28 June 2011

A Heartbreaking Work of Staggering Genius by Dave Eggers

When you were young did you ever wonder what would happen if your parents died?

A Heartbreaking Work of Staggering Genius   

I did.

When I was about 15 or 16 my dad became quite ill; he was hospitalized for a while and almost died. We knew that the possibility of is death was a very real thing. The tension was staggering. I was the oldest of six kids. 

What do you think the second thought on  my mind was at the time? 
~"What if something happened to Mom too?"

Thinking back on it now I can't believe that there wasn't some sort of plan in place and 
I really believe there wasn't. By that point we either had no grandparents living or just one who was old and very ill. We had one aunt on my mom's side and she was divorced and pretty frazzled with the raising of her only son. We had one uncle on my dad's side who seemed like a possibility as they were raising three kids as old or older than myself; but we weren't really close to them emotionally and I can't imagine the financial burden of raising six kids on top of the emotional strain.

Really...who's going to raise SIX kids that aren't their responsibility?

I was certain that I'd do it. I really thought I could. I was also certain that the only possible solution I could imagine was for us kids to be split up among different people; family...close family friends... I was determined that if that had to happen due to my young age, I would work to be able to take custody of everyone as soon as I was old enough.

Dave Eggers' Heartbreaking Work of Staggering Genius explores a very similar situation that really happened.

Yes, he works very hard to convince the reader that it is fictional, at least only based on truth; his truth. My friend and I both feel that he doth protest too much though. We believe it is autobiographical. 

At the age of 21 Dave and his older siblings expected their mother's death; sooner than later. What they didn't expect was a death-sentence-diagnosis for their dad that resulted in his almost instantaneous and previously unexpected death.

Their youngest sibling was 7 years old. It was decided that Dave would take on most of the responsibility of raising Christopher ("Toph").

Dave gives word to feelings all parents experience at one time or another. It seems that perhaps he experiences them more frequently though. 

As the mom of five kids ranging in age from 5 to 15 I admit to having experienced most of the concerns he explores. In truth, I've wondered as he did whether or not something horrifying might happen to one of my children due to the awful selfishness I've exhibited by needing a bit of "me time" or "us time" for my husband and me. Overall, I've always been able to keep those feelings from ruining life for all of us. They are crippling thoughts but I've never allowed them to cripple me. Can you imagine the "case" I'd be if I did. Five kids, remember?

So, Dave explores all of this.
He does so with a book that is mostly written as a string-of-consciousness-sort-of-thing. My brother pointed out that such writing can become exhausting or annoying. I felt that due to the subject matter it really worked though. I liked it. I could feel what he was feeling.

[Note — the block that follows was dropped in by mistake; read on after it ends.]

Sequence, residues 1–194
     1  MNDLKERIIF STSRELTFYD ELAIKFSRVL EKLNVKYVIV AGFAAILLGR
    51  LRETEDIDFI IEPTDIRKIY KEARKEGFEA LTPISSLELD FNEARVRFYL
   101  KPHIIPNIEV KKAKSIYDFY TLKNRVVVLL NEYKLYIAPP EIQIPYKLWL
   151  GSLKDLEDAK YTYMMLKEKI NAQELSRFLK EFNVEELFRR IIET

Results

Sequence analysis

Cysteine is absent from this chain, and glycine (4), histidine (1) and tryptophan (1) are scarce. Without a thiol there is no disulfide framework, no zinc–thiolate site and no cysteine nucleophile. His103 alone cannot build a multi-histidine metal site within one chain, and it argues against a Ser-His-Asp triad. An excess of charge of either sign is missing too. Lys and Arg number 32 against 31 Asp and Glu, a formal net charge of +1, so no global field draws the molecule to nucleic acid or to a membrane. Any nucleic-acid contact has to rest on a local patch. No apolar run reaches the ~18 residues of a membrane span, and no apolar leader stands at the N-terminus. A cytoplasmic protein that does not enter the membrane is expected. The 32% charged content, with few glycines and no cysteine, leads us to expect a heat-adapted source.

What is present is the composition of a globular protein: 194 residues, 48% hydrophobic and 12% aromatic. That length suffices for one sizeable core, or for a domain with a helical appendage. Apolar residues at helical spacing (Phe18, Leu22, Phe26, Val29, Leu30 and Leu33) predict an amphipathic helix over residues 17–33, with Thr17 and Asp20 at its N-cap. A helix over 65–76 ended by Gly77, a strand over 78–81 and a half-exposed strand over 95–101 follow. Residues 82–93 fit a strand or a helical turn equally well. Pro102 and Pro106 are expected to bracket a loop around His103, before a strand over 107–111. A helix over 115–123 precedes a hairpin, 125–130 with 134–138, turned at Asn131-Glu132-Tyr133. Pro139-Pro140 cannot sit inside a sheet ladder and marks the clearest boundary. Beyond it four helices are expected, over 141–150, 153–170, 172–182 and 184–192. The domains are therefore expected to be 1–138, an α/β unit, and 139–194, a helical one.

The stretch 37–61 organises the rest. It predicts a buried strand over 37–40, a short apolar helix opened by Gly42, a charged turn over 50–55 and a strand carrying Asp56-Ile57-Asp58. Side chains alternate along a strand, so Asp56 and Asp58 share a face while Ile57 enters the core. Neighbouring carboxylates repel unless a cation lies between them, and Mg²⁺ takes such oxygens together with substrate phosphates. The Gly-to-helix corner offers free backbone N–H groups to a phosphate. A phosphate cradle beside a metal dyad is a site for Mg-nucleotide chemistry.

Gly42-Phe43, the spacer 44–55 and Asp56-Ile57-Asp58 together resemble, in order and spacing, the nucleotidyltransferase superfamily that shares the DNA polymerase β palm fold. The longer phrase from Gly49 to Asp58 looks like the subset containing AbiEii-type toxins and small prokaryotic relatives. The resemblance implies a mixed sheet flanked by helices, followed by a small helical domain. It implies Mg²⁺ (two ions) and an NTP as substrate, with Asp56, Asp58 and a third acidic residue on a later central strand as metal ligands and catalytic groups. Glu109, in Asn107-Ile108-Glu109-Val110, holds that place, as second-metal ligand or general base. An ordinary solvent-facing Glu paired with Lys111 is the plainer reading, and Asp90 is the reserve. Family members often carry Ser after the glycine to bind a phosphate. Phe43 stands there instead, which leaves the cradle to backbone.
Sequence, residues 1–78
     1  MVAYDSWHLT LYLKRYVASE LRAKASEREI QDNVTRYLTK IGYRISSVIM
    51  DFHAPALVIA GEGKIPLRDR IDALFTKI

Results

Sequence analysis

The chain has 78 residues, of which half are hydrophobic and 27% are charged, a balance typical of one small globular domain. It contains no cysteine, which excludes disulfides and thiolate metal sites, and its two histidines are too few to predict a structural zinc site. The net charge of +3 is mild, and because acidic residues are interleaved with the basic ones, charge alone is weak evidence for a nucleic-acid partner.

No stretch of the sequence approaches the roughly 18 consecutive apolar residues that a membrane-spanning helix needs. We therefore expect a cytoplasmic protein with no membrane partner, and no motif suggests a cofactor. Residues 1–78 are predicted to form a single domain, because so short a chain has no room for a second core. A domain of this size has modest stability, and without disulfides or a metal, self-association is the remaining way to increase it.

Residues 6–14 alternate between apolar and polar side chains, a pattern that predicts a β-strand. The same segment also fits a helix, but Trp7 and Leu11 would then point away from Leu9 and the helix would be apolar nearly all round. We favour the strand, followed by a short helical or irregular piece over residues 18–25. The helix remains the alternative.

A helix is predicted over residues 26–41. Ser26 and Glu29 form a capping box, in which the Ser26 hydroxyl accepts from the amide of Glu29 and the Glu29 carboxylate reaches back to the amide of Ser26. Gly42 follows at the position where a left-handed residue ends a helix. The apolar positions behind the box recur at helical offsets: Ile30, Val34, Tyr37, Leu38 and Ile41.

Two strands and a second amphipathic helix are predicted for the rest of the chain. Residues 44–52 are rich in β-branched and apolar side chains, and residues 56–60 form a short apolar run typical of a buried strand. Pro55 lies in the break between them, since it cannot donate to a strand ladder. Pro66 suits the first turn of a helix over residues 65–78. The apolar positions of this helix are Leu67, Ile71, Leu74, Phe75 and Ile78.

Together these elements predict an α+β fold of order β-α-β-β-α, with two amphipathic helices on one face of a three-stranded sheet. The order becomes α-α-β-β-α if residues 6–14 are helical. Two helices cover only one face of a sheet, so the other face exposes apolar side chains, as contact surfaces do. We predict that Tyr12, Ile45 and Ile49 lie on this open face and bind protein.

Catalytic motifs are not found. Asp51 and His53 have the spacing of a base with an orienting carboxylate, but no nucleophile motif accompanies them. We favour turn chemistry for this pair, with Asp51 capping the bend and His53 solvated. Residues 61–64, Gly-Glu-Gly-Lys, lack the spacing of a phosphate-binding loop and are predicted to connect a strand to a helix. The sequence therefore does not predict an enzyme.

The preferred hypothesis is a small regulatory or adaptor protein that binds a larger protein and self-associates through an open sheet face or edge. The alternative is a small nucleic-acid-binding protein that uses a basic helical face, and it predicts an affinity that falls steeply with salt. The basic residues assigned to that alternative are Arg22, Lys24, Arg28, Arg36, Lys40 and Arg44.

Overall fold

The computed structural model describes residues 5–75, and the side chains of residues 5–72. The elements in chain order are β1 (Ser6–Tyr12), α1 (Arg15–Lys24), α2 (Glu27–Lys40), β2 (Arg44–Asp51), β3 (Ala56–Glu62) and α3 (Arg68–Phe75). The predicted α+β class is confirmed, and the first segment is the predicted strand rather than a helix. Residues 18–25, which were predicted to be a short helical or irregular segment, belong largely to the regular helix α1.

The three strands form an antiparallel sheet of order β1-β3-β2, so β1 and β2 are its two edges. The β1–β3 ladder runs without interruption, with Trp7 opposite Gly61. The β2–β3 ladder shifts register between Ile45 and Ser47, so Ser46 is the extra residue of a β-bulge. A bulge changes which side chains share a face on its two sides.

Dave really cornered my market when he was thinking about how lucky Toph was to be hanging out with him and how lucky he was to be exposed to the great music Dave enjoyed... Oh yeah. He even explored the idea of homeschooling Toph because he was envious of how much time the teachers spent with him.

As a mom who homeschooled all of our kids until our oldest was finished with sixth grade, and then some others longer, I attempted to expose our kids to the best of everything from all time periods: books, movies, music. There is so much more to life than today's available choices. Still, one worries about recreating yourself via your children (if we're honest). That is not something we wanted to have happen. We only want for them to be well rounded individuals who can related to people of all ages.

Here is a quote that expresses part of Dave's obvious concern:

"...when someone noticed him (Toph) for being him(self), we would all have to stand back a second and see him for what he actually was, at least superficially: a seventh-grade boy. Of course, he had a difficult time discerning, himself. He had recently made this clear, when he and Marny and I were driving back from the beach. She and I were talking about one of the new interns, who, at twenty-two, was much younger than we had assumed~
"Really?" said Toph. "I though he was our age."

Sure, mistakes were made in the raising of Toph.
We ALL make mistakes. All. The. Time.

The real point is the great love fostered between the two. They grew and they grew together. They were a team, united. They made the best of a horrifying situation. they made it work.

I appreciated Eggers' raw honesty.

Oh...I also appreciated the sense of humor he exhibited in the titling of his book.
He acknowledged the fact that everyone who would read his book would be able to pick it apart. They'd be able to find a million and one things wrong with it; and so he poked fun at the self-inflated idea of writing a book about yourself, about your own loss, and expecting others to read it.

I read it.
I liked it.

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